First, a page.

Wellesley House is an independent prep school for boys and girls aged 7 to 13. Situated on the southeast coast, it offers the full boarding experience, including Saturday school, a weekend activity programme and the opportunity to excel whether academically, on the sports field or in art, music and drama.
Wellesley House aims to open up a world of possibilities for each child. The Broadstairs prep school, renowned for boarding expertise, academic excellence and great pastoral care, is a thriving hive of activity for local day pupils as well as boarders from London, the southeast and beyond. A bus transfer operates to and from London, the M2 services, the Brentwood services, Charing and Benenden at most exeats and half-terms. A daily bus brings day pupils in from as far as Canterbury and its surrounding villages. In the 2011 report by the Independent Schools Inspectorate, every aspect of the school, including teaching, boarding, academic achievement, pastoral care and pupil development were rated excellent or outstanding. Pupils’ preparation for senior school was also praised. Scholarships have been won to Harrow, Stowe, King’s Canterbury and Felsted and leavers have gone on to thrive at such destinations as Winchester, Eton, King’s and Benenden, confident and capable from their ‘full boarding experience’ at Wellesley. Visits, by appointment, are welcomed throughout the school year. Open Mornings are generally held in Lent and Michaelmas terms. Wellesley House is a aead ambassador school for 'Hungry for History.'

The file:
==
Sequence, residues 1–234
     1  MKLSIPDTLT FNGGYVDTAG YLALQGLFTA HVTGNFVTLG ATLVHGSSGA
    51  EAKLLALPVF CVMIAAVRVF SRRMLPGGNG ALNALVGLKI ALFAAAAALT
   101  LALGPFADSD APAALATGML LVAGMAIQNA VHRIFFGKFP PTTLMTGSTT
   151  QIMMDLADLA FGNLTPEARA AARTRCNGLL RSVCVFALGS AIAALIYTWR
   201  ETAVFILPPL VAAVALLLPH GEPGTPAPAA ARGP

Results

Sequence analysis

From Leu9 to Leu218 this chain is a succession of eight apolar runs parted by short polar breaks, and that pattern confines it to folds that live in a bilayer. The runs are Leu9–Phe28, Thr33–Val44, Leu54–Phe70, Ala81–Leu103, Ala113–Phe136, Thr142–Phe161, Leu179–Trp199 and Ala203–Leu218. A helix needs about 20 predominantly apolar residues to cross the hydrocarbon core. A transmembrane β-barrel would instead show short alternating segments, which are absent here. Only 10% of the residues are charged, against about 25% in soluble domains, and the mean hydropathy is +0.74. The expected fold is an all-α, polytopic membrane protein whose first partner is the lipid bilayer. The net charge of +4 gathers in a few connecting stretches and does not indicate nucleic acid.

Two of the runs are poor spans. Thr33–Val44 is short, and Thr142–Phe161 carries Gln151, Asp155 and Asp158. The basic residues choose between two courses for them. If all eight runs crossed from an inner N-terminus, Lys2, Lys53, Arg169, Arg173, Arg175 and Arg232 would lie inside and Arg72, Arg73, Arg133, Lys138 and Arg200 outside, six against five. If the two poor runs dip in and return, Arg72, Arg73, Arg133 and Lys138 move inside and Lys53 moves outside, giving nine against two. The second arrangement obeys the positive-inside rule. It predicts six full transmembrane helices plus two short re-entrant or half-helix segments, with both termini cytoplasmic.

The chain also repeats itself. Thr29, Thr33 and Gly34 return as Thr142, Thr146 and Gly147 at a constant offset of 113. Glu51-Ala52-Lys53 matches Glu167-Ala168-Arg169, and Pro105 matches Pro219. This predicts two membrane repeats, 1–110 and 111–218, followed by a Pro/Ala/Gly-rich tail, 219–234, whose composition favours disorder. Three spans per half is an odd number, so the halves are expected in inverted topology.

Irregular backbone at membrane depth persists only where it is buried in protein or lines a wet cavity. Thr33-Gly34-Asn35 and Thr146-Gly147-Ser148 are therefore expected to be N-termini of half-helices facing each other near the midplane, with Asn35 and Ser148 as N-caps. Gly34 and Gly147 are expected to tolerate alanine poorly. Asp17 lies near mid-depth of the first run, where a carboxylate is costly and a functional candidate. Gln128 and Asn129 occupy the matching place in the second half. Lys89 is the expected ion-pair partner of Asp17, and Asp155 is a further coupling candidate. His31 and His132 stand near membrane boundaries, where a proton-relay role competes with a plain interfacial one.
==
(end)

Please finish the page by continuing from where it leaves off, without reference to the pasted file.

Pupils in Broadstairs had a once in a lifetime opportunity this week as space exploration came a little closer to home with the arrival of 'Moon Rocks' and meteorites at Wellesley House on loan from NASA